Several German lawmakers have called for a Europe-wide ban on Nazi insignia following widespread outrage after Britain's Prince Harry wore a swastika as part of a costume at a high-society gathering.
Prince Harry, who went to a costume party dressed in an Afrika Korps uniform with a swastika armband, "really lacked taste," said Wolfgang Bosbach, deputy leader of Germany's conservative Christian Democratic parliamentary group.
"All of Europe has suffered in the past because of the crimes of the Nazis, therefore it would be logical for Nazi symbols to be banned all over Europe," added Silvana Koch-Merin, who heads Germany's liberal Free Democrats in the European Parliament. She also called for the question of a ban to be placed on the agenda of the next meeting of justice ministers.
The Social Democrats deputy parliamentary leader, Michael Müller, agreed that study was needed to find out how a German-style anti-Nazi law could be transposed to the rest of Europe. Dieter Wiefelspütz, a Social Democratic party specialist on justice questions, said Nazi symbols were reminders of a "humiliating" and "deathly" concept of humanity.
EU ban unlikely
But expanding the ban on Nazi symbols across the EU is unlikely to happen, as many countries consider their display -- no matter how repugnant -- protected by democratic principles of free speech.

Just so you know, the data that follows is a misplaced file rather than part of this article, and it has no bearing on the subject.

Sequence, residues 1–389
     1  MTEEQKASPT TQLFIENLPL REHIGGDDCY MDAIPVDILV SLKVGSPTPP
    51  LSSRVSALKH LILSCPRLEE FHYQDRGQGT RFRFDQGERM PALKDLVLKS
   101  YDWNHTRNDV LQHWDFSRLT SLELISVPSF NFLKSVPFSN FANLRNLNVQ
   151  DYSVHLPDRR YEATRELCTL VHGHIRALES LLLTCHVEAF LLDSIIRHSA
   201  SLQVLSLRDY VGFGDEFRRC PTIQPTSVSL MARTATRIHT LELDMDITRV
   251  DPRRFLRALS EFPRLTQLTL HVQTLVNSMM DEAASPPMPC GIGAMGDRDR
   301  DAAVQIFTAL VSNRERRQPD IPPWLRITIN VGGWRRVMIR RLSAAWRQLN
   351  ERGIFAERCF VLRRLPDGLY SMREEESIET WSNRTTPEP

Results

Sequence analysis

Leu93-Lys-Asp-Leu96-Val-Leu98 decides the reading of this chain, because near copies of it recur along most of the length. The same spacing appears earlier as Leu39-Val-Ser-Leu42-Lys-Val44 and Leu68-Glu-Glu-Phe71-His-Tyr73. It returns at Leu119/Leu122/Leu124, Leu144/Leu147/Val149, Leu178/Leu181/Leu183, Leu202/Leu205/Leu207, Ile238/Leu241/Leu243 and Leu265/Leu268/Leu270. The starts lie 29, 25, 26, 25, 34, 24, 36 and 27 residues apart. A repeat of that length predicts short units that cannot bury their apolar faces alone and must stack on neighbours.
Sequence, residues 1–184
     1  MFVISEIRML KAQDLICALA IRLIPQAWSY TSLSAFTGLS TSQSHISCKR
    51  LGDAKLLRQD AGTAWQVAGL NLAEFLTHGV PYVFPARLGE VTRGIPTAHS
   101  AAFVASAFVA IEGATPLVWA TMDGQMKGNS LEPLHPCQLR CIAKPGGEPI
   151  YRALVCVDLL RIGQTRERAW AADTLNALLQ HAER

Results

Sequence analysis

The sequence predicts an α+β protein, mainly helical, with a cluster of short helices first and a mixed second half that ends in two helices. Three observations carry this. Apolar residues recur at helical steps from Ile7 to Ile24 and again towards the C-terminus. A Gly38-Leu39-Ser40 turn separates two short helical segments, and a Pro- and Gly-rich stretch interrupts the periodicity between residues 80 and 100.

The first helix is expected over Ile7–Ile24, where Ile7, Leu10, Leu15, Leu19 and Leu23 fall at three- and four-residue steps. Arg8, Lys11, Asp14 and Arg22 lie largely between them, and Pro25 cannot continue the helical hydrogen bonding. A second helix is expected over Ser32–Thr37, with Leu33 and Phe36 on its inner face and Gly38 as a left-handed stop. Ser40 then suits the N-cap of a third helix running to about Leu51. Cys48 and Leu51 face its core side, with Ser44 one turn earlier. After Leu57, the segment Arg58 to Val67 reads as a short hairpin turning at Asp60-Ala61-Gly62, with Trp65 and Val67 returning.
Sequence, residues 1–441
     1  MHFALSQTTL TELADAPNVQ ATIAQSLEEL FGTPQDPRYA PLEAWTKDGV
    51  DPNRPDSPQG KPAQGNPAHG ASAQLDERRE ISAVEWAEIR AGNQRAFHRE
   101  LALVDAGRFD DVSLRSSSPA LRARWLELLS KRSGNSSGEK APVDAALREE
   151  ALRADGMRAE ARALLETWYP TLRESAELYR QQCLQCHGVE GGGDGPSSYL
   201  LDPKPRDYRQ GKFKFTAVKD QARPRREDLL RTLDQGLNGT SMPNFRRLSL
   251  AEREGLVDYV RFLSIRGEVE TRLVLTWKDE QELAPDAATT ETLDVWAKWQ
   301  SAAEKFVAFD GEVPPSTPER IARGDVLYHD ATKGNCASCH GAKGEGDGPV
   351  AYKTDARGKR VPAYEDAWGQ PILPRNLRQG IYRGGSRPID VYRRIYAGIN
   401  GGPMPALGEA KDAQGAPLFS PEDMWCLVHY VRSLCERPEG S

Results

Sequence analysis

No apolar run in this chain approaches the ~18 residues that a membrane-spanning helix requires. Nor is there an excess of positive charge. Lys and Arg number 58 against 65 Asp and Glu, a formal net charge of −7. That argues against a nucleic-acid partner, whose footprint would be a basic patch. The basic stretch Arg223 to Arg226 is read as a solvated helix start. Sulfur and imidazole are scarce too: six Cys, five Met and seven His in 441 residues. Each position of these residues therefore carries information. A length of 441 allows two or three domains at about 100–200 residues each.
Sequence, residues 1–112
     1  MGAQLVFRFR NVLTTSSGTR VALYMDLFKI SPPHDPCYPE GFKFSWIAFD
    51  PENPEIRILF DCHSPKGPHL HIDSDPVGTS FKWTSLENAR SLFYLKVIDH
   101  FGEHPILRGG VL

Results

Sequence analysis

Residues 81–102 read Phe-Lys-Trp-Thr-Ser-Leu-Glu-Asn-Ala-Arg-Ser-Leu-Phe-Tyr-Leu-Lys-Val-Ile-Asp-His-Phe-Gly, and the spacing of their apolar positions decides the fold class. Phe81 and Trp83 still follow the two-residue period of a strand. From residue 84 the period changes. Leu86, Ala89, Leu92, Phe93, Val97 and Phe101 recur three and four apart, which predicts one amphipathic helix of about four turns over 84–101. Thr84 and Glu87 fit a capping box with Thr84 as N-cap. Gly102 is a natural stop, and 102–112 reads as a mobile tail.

Backers of a ban want the issue rushed onto the agenda of a European Union ministers' meeting next week. But the emotive issue generated immediate dispute, with some warning that it threatens freedom of expression.
"I understand how the burden of history weighs upon my German colleagues' view," said Chris Davies, leader of the British Liberal Democrats in the European Parliament.
"However, banning symbols cannot ban evil and risks playing into the hands of those who would seek to subvert the very liberties we most champion," he added.
A spokesman for EU home affairs commissioner Franco Frattini said he "shares the general feeling of opprobrium at the use of the swastika and other Nazi symbols".
"It may be worth looking into the possibility of a Europe-wide ban, to explore that possibility at least," he added.
A group of neo-Nazis celebrate during a rally in the eastern German city of Leipzig, Friday, May 1, 1998.
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